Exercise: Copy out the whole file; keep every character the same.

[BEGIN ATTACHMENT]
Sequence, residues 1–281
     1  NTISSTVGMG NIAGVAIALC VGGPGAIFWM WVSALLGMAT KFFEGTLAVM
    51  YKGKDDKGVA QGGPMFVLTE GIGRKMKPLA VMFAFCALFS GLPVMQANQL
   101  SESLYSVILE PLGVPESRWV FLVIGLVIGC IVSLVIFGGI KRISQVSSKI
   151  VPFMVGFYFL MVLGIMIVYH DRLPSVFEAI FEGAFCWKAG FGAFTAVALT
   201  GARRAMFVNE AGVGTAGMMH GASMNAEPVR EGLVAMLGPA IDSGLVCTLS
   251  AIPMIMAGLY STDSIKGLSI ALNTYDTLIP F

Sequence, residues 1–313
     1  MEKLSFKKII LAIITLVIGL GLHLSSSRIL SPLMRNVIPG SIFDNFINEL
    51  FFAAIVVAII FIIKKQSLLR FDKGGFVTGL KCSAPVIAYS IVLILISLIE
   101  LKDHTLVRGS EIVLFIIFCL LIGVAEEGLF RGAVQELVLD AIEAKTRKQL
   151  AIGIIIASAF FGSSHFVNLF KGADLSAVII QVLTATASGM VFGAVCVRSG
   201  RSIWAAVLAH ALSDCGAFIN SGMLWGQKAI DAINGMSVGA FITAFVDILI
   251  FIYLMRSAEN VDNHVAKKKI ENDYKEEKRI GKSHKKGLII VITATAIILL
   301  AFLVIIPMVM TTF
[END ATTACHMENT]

Sequence, residues 1–281
     1  NTISSTVGMG NIAGVAIALC VGGPGAIFWM WVSALLGMAT KFFEGTLAVM
    51  YKGKDDKGVA QGGPMFVLTE GIGRKMKPLA VMFAFCALFS GLPVMQANQL
   101  SESLYSVILE PLGVPESRWV FLVIGLVIGC IVSLVIFGGI KRISQVSSKI
   151  VPFMVGFYFL MVLGIMIVYH DRLPSVFEAI FEGAFCWKAG FGAFTAVALT
   201  GARRAMFVNE AGVGTAGMMH GASMNAEPVR EGLVAMLGPA IDSGLVCTLS
   251  AIPMIMAGLY STDSIKGLSI ALNTYDTLIP F

Sequence, residues 1–313
     1  MEKLSFKKII LAIITLVIGL GLHLSSSRIL SPLMRNVIPG SIFDNFINEL
    51  FFAAIVVAII FIIKKQSLLR FDKGGFVTGL KCSAPVIAYS IVLILISLIE
   101  LKDHTLVRGS EIVLFIIFCL LIGVAEEGLF RGAVQELVLD AIEAKTRKQL
   151  AIGIIIASAF FGSSHFVNLF KGADLSAVII QVLTATASGM VFGAVCVRSG
   201  RSIWAAVLAH ALSDCGAFIN SGMLWGQKAI DAINGMSVGA FITAFVDILI
   251  FIYLMRSAEN VDNHVAKKKI ENDYKEEKRI GKSHKKGLII VITATAIILL
   301  AFLVIIPMVM TTF